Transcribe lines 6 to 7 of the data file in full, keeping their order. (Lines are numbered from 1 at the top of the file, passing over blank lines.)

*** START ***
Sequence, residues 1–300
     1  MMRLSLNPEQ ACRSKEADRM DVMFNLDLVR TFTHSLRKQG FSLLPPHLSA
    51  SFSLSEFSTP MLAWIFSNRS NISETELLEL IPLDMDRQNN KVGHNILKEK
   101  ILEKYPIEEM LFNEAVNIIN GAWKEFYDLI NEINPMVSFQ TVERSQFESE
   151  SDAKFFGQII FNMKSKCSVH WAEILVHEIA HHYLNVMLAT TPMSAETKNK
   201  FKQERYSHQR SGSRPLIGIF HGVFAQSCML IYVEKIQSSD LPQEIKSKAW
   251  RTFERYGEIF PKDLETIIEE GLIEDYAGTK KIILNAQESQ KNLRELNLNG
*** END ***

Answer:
   201  FKQERYSHQR SGSRPLIGIF HGVFAQSCML IYVEKIQSSD LPQEIKSKAW
   251  RTFERYGEIF PKDLETIIEE GLIEDYAGTK KIILNAQESQ KNLRELNLNG